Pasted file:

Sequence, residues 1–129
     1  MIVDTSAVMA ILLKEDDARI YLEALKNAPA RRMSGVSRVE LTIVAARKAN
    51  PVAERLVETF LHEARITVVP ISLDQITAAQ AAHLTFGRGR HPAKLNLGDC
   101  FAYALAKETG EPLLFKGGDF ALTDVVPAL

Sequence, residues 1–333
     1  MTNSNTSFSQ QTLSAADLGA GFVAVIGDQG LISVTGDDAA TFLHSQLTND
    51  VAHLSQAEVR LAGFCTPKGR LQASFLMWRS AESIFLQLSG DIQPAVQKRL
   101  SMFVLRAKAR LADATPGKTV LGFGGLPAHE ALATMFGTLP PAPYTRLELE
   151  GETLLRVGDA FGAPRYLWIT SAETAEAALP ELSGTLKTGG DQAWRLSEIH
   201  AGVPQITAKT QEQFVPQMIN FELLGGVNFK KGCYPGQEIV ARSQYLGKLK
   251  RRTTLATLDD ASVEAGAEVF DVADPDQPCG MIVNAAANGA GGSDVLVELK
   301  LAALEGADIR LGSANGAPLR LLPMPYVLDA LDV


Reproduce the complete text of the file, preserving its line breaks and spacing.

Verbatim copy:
Sequence, residues 1–129
     1  MIVDTSAVMA ILLKEDDARI YLEALKNAPA RRMSGVSRVE LTIVAARKAN
    51  PVAERLVETF LHEARITVVP ISLDQITAAQ AAHLTFGRGR HPAKLNLGDC
   101  FAYALAKETG EPLLFKGGDF ALTDVVPAL

Sequence, residues 1–333
     1  MTNSNTSFSQ QTLSAADLGA GFVAVIGDQG LISVTGDDAA TFLHSQLTND
    51  VAHLSQAEVR LAGFCTPKGR LQASFLMWRS AESIFLQLSG DIQPAVQKRL
   101  SMFVLRAKAR LADATPGKTV LGFGGLPAHE ALATMFGTLP PAPYTRLELE
   151  GETLLRVGDA FGAPRYLWIT SAETAEAALP ELSGTLKTGG DQAWRLSEIH
   201  AGVPQITAKT QEQFVPQMIN FELLGGVNFK KGCYPGQEIV ARSQYLGKLK
   251  RRTTLATLDD ASVEAGAEVF DVADPDQPCG MIVNAAANGA GGSDVLVELK
   301  LAALEGADIR LGSANGAPLR LLPMPYVLDA LDV